So let’s return to the budget that we began in step 1(keep in mind, these figures are hypothetical, for demonstration purposes only): 

designer’s fee: $5,000 

printing/binding: $12,000 

shipping/customs: $1,500 

unexpected expenses: $500 

fulfilling rewards: $1,000 

subtotal: $20,000 

up to 10% to Kickstarter: $2,000 

adjusted target amount: $22,000 

This is your target amount. You have thirty days from your launch to reach your target, so be prepared to “hustle” once you’ve begun. By that I mean you’ll need to send out emails to your list of contacts, and post to as many “social media” platforms as you participate in: Facebook, Twitter, etc. In all cases, post frequently during those thirty days, and always include the link to your fundraising page. On Facebook, encourage all of your friends to “share” your post, thereby exponentially enlarging your pool of potential donors. You walk a fine line between being persistent and being a nuisance. As someone who has always disliked either using or being targeted by aggressive sales tactics, this was the hardest part of the process for me. I tried my best to be tactful, but I know my campaign irritated some.  

An important thing to be aware of: with Kickstarter, if you dont reach your target amount, you get nothing. Kickstarter will keep all pledges in a sort of limbo for the thirty day campaign period: no donor’s credit card will be charged until the end of those thirty days, providing the target is reached. If it isn’t reached, all pledges are nullified, in effect “returned” to the donors. You, and Kickstarter, get nothing.  

This effectively encourages you to keep your target amount as low as possible, since the lower your amount the better the chances it may be achieved. Your campaign may in fact raise more than your target, and you do get to keep all of the excess, minus (of course) Kickstarter’s percentage. So set your target as low as you can to get the job done. Raising more will simply give you more options. My campaign for Parallel Landscapes raised more than our target, and it allowed for a larger than planned run of copies of the book, and best of all, paid for me to be “on press” in Italy, where the book was printed. 

Why Use an On-line Crowdfunding Platform 

Perhaps you’re asking yourself why you should use an on-line crowdfunding platform at all, given the fact that they impose their own requirements, and then take a percentage of the total raised. Good question!  

An alternate approach for creating a book would be to use an on-line publisher to produce an “on demand” book. With this approach you may design your book on your computer, and have copies printed one at a time if need be. It requires almost no initial investment. (See Barrie Rokeach’s article on this site for a full discussion of “on-line” publishing). But the unit price of “on demand” books is significantly higher than offset printed books. Perhaps more importantly, the quality can be inconsistent, and even at its best it is not a match for the quality and options offset printing provides.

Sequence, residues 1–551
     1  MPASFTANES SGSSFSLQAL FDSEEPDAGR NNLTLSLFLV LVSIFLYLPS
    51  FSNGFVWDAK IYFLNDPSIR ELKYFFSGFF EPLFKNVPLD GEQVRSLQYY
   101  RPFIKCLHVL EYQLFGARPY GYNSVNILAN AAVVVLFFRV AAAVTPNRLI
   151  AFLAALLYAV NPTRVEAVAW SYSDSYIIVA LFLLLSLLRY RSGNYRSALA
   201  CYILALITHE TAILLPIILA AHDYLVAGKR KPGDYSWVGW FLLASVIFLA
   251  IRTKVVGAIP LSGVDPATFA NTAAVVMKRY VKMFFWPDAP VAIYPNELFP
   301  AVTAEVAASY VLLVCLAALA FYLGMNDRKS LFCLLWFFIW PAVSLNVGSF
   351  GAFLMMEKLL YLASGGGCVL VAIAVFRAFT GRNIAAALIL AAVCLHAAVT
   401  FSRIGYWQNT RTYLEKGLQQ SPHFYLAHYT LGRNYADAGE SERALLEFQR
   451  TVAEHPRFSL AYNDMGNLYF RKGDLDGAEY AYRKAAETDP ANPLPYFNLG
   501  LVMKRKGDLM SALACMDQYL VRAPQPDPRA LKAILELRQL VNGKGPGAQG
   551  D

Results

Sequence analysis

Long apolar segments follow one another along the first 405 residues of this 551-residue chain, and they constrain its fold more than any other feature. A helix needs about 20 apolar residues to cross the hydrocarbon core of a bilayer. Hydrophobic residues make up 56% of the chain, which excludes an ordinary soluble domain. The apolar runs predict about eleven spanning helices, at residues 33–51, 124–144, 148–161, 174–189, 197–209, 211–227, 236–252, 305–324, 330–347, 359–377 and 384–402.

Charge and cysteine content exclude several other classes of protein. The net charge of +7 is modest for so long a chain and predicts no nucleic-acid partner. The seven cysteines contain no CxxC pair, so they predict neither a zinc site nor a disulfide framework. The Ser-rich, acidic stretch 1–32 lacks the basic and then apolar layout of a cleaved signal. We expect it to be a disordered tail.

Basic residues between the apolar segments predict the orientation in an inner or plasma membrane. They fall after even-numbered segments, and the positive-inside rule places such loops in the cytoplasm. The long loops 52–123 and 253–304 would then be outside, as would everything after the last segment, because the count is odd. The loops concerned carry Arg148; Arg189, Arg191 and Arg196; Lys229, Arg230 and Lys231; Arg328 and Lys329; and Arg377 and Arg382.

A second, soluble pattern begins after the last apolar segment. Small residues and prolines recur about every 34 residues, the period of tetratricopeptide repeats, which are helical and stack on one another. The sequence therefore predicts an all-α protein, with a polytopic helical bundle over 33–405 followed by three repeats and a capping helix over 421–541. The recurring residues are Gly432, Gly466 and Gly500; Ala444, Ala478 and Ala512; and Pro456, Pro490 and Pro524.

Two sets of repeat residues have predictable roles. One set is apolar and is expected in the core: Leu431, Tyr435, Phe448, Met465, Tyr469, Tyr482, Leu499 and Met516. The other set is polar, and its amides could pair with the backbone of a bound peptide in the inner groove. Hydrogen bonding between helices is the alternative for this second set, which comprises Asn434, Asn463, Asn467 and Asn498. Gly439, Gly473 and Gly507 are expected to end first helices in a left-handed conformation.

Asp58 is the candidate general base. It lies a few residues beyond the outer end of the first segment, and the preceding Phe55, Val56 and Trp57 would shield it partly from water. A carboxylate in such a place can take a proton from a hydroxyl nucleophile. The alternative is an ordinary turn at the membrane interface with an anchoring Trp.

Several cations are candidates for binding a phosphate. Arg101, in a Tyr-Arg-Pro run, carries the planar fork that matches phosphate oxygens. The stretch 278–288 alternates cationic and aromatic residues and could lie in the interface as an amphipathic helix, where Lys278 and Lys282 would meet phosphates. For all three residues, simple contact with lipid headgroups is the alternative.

If offset printing is still your preference, you will need to raise the funds up front. If you are confident that you can do this from your own personal network of friends and acquaintances, there is no need to go the crowdfunding route. But if not, and you are relying on an extended network of donors, a known and credible crowdfunding site can be an important ally. It is an entity that gives those potential supporters the assurances that yours is a legitimate project, and not a scam, and that if the necessary amount is not raised they will have their pledge returned in full. Kickstarter, as does any established brand, brings a certain level of confidence to the consumer’s (your donor’s) mind. It can be a considerable advantage.  

 *There is a website:, that lists and compares many crowdfunding platforms. 

 ** It should be mentioned here that the Library of Congress no longer automatically accepts self published books, which it once did. On the LoC’s website it now states: 

These categories of material are ineligible: 

Books paid for or subsidized by individual authors 

Books published on demand 

Books published by firms that have published books by fewer than three different authors 

My surmise is that there may be a way around this, but you would have to explore the LoC website, and no doubt spend long hours on the phone with them, to find it. 

***Your promise of rewards is, according to Kickstarter, a legal obligation. In section 4 of their “Terms of Use” it states, “The creator is solely responsible for fulfilling the promises made in their project. If they’re unable to satisfy the terms of this agreement, they may be subject to legal action by backers”.